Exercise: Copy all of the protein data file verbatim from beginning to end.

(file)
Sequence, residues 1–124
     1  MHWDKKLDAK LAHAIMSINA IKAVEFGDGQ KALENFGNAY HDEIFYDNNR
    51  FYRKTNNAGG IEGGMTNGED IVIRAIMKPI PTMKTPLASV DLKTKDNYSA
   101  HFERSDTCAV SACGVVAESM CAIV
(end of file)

Sequence, residues 1–124
     1  MHWDKKLDAK LAHAIMSINA IKAVEFGDGQ KALENFGNAY HDEIFYDNNR
    51  FYRKTNNAGG IEGGMTNGED IVIRAIMKPI PTMKTPLASV DLKTKDNYSA
   101  HFERSDTCAV SACGVVAESM CAIV